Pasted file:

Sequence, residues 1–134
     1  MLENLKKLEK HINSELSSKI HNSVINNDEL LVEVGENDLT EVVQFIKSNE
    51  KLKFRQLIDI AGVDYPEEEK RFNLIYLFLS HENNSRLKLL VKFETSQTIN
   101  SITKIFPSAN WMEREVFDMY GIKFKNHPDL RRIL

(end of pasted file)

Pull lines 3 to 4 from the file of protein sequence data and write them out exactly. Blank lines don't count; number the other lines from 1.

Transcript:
    51  KLKFRQLIDI AGVDYPEEEK RFNLIYLFLS HENNSRLKLL VKFETSQTIN
   101  SITKIFPSAN WMEREVFDMY GIKFKNHPDL RRIL